U.S. stocks rallied on Tuesday with the Dow Jones Industrial Average hitting the never-before-seen 30,000 level.
This came after the Trump administration began the transition process for President-elect Joe Biden. The move higher also comes after Biden named Cabinet picks, including a nomination for former Federal Reserve Chair Janet Yellen to be Treasury secretary.
Many investors view Yellen as a market-friendly pick, considering that she oversaw the U.S. central bank during a long economic expansion with historically low interest rates. She's also likely to push for further fiscal stimulus.
Three market watchers weigh in.
Jim Cramer, host of CNBC's "Mad Money," is watching the speculative part of the market.
"I think that there's two parts of the market. There's the cyclical market, which is doing very, very well. And then there's the speculative part of the market, which is insane. I mean, we've got a lot of stocks that everyone must think are the next Teslas, and you see those go up so much that you begin to say, 'Well, wait a second, can that continue forever?' And those are the stocks that I'm really watching because they are the so-called Robinhood stocks. There's a lot of other people who buy these now, but everything they buy goes higher, and so that's what I'm focused on is can that continue, because that speculation is usually met with some sort of big sell-off. Hasn't happened yet, though."
Paul Hickey, co-founder at Bespoke Investment Group, says the big market movers for further upside are still unknown.
"We're on the same level we were over two months ago in the S&P 500. So we've really been consolidating what was a really massive rally off spring lows. And in the last week or so we've been consolidating what was really a strong rally in the first half of the month, so it's like, you know, sprinting a four-minute mile and then just, you're going to be tired, you're going to have to want to catch your breath and regroup and build up a head of steam. So I think, you know, there are some concerns with going into the winter with rising Covid cases. But overall, we're still positive on the market. We think there's more positives than negatives. And this whole idea of what's the upside catalyst going to be to get us to higher levels come year-end, nobody ever knows what the outside catalyst is. If you'd asked someone on Oct. 30 were we going to have an 11% month in November no one would have said that, so it's always easy in retrospect to find what the outside catalyst was, but, you know, looking ahead, no one ever knows what the outside catalyst is going to be."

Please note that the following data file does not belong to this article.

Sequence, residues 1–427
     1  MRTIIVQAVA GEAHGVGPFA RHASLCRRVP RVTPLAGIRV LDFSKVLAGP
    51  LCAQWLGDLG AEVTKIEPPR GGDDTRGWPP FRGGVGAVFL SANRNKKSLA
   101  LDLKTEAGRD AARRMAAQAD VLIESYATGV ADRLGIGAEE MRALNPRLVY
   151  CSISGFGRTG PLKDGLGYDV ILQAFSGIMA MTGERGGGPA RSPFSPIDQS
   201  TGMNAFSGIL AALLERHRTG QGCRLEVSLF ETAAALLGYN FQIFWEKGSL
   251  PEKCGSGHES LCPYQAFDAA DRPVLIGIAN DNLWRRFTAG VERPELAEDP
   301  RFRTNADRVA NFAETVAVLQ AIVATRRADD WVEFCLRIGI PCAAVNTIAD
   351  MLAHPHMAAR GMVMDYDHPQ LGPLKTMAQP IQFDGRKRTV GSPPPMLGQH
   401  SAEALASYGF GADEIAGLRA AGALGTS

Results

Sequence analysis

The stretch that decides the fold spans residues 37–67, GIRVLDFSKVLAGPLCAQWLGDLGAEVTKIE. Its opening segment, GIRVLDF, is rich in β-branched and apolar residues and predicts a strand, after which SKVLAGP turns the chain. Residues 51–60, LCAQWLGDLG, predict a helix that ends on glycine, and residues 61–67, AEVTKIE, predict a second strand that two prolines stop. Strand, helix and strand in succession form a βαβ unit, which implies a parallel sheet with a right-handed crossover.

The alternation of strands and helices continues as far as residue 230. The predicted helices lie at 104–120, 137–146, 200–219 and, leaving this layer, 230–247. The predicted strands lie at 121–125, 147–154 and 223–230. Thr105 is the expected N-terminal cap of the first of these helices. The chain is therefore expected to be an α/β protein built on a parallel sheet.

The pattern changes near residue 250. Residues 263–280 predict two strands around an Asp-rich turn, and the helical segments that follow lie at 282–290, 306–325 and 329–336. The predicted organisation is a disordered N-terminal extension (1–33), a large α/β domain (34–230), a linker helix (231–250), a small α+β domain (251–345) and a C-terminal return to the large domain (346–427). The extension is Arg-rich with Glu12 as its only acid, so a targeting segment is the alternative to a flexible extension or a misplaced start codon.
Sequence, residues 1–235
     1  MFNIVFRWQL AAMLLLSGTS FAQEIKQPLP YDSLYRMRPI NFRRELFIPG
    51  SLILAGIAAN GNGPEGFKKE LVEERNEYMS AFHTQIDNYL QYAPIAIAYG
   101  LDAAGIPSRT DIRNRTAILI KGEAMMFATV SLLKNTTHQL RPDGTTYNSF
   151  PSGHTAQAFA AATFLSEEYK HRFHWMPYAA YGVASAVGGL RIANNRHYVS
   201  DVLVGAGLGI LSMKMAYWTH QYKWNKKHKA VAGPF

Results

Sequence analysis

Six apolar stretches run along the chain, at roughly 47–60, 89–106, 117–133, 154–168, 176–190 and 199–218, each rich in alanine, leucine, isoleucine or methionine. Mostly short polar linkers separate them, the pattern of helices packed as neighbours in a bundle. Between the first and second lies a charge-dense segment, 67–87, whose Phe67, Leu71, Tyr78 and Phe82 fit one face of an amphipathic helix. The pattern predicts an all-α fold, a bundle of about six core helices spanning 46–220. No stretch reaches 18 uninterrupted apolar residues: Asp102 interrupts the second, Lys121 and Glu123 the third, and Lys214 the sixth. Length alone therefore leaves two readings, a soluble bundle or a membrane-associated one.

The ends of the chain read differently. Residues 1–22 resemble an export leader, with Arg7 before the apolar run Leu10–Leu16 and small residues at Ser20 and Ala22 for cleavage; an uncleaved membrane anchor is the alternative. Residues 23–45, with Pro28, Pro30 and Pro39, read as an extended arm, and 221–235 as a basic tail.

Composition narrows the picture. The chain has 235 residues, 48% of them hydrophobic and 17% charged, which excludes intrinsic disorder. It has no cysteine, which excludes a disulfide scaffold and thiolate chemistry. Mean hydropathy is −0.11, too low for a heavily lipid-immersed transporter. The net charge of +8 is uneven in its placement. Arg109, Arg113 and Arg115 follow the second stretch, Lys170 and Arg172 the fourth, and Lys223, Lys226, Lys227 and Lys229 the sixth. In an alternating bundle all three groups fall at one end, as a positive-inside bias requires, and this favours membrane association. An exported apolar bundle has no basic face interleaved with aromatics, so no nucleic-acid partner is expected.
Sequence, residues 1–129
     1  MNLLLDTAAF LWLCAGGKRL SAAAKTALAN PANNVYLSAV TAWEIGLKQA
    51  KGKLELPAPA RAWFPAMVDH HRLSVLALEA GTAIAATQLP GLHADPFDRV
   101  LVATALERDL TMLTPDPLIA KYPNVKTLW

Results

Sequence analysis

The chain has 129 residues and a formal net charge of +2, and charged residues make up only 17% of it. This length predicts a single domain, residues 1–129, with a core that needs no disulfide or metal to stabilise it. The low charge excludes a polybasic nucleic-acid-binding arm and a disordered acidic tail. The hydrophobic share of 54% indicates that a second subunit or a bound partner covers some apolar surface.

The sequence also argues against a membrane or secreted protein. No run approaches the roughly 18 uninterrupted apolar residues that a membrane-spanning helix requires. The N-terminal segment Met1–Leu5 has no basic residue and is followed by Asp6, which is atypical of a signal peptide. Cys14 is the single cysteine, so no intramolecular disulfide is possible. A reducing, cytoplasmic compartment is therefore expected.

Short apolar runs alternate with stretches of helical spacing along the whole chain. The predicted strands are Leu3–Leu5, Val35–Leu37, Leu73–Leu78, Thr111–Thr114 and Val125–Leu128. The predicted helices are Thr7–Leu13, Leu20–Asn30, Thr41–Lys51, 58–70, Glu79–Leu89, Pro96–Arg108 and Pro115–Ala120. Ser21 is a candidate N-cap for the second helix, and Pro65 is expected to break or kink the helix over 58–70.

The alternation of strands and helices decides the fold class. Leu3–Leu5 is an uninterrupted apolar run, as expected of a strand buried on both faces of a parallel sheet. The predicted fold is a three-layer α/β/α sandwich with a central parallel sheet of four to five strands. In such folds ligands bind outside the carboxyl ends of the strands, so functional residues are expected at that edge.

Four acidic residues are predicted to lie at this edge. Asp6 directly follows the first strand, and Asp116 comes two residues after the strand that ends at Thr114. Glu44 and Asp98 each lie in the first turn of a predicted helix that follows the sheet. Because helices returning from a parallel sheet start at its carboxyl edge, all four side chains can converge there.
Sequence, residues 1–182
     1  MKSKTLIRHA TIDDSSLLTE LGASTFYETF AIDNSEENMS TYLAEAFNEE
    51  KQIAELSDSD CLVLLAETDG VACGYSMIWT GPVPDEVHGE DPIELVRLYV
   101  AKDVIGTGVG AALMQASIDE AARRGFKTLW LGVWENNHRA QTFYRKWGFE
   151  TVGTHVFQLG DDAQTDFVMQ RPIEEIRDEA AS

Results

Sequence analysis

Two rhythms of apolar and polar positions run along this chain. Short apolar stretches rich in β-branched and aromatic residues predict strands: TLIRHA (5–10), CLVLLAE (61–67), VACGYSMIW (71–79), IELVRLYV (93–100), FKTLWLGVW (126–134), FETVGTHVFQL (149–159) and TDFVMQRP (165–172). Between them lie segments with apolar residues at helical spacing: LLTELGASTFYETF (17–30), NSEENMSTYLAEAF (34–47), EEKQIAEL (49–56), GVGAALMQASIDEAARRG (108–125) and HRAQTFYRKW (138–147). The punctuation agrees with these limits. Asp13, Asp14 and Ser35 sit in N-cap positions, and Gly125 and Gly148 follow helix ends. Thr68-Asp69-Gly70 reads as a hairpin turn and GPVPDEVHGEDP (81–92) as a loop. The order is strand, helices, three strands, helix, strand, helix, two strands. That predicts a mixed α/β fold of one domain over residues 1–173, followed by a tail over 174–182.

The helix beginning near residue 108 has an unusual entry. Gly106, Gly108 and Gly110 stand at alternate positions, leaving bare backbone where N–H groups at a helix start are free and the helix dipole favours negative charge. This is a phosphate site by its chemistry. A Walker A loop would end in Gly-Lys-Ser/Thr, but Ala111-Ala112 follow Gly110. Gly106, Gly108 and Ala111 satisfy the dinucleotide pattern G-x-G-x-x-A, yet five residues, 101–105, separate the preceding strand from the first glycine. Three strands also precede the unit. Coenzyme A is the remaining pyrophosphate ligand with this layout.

Mona Mahajan, senior U.S. investment strategist at Allianz Global Investors, sees a two-speed market.
"Cyclicals have had a really nice run since really the beginning of this quarter. And if you look at the S&P broadly it's up 6%, but the cyclical parts of the market, like energy, like financials, like industrials, up 13% to 19%-plus. So, clearly the advent of the vaccines, perhaps even potential Biden victory combined with a split Congress, those are some of the ingredients in place for the start of a value rotation. But when we look more broadly, perhaps over a 10-year period, growth versus value, we could make a case that we're still in just early innings of this cyclical rotation. I think really what markets are looking forward to are perhaps the second half of next year when consumer behavior actually returns more toward pre-pandemic levels. According to leaders in Operation Warp Speed, we will be getting 20 million vaccine doses in December, 30 million thereafter every month, and perhaps you're at a better point in the next year, by mid next year. And so I do think if growth continues to accelerate next year, not only in the U.S. but globally, if rates continue to remain low, if you do get some stimulus into the system, that's a pretty good backdrop for risk assets and perhaps a continuation of the cyclical rally."
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